by Alyssa Oursler | September 23, 2013 10:40 am
Unemployment rates broken down by gender reveal a classic good news, bad news dichotomy.
For women, the good news is simple: We have regained all the jobs lost during the recession.
Overall, 68 million women said they were employed last month — more than the 67.97 million who had jobs when the recession began in December 2007. Men are still in the red, on the other hand. Only 76.2 million were employed last month, down from the 78.3 million total pre-recession.
In fact, while the broader unemployment rate is still sitting north of 7%, the same isn’t true if you back out all the men. Last month, the unemployment rate for women was 6.8% vs. 7.7% for men, while its even lower looking at just women over 20: 6.3% vs. 7.1% for men of the same age group.
Click to EnlargeJust take a look at the chart to the right, showing the monthly unemployment rate for folks over 20 so far this year, broken down by gender.
Of course, on the men’s side, that 7.1% figure sure is an improvement from the ugly double-digit rates that touched 10.4% in October of 2009 and didn’t drop into single digits until May of 2010.
Still, that’s hardly much solace.
The unemployment rate difference simply stems from the fact that more men work in construction and manufacturing — sectors that were hard-hit by the Great Recession, and have also been slow to recover.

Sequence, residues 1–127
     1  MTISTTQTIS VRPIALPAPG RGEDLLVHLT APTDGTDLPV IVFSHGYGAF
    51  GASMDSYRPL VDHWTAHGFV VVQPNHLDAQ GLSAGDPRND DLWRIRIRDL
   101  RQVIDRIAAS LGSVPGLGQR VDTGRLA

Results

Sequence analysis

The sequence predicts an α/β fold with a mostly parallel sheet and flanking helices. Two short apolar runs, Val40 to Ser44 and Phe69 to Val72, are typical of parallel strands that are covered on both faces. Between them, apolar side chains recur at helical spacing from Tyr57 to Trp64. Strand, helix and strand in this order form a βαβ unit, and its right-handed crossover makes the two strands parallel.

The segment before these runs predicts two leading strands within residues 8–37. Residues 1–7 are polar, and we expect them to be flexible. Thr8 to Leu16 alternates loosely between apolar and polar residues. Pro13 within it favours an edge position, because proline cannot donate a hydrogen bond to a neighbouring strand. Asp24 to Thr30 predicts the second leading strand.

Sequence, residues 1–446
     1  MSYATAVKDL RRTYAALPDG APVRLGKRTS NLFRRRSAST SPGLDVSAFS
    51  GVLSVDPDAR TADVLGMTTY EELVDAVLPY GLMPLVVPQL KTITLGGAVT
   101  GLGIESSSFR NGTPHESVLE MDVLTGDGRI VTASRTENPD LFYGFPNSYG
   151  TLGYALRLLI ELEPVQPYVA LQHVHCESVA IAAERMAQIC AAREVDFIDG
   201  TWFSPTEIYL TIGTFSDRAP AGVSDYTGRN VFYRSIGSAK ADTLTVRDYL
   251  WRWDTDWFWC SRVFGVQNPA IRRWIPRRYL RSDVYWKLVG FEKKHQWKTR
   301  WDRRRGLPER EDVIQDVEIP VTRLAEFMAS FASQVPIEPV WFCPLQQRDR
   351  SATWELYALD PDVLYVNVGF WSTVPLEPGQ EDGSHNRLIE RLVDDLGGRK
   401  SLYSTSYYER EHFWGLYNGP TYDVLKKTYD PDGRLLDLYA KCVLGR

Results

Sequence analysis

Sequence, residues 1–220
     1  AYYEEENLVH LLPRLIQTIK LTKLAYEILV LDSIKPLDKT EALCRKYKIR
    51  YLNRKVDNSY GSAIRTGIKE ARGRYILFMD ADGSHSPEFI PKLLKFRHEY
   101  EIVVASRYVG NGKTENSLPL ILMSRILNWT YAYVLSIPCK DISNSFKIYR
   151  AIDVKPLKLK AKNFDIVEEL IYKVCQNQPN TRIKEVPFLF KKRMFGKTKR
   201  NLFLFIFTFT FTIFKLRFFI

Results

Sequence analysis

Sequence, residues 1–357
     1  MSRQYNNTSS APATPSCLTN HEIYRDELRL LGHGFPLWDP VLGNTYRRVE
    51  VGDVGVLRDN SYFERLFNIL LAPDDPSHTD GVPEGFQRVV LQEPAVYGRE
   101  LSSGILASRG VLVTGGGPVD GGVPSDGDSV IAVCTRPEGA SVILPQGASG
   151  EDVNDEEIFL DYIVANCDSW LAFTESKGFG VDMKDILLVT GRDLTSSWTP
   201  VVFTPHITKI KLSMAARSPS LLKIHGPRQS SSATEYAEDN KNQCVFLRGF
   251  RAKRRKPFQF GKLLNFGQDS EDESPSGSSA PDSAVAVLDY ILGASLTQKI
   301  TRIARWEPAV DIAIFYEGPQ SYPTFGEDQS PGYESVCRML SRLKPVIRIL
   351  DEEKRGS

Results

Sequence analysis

But while women have recovered their lost jobs on a nominal basis, we have clear quality vs. quantity issue — and that’s the bad news.
About 60% of the increase in employment for women from 2009 until 2012 was in jobs that pay less than $10.10 per hour — not too far off the minimum wage in some states. Zoom in on the male unemployment situation, and you have a small ray of sunshine: Only 20% of their employment gains fall into that low-wage category.
Joan Entmacher, vice president for family economic security at the National Women’s Law Center, told Bloomberg that “women have taken restaurant and retail jobs instead of teaching and other public-sector career positions that have disappeared.”
More bad news: Many of those are part-time — less than 34 hours of work a week.
An employee making the maximum $10.10 for this category and working the maximum part-time 34 hours a week brings home about $340 per week before taxes.
Sure, she’s employed — helping the jobs recovery and unemployment rate. But it hardly seems worth celebrating.
The bottom line: Women may be “winning” the jobs recovery … but only if you consider job quantity more important that job quality.
And men, of course, have been winning the quality battle for sometime, if pay is any indication. According to a recent Census report, the median earnings of women who worked full time in 2012 came to just under $38,000 — just 77% of the what full-time working men made.
Alyssa Oursler is an Assistant Editor at InvestorPlace. Follow her on Twitter @alyssaoursler.
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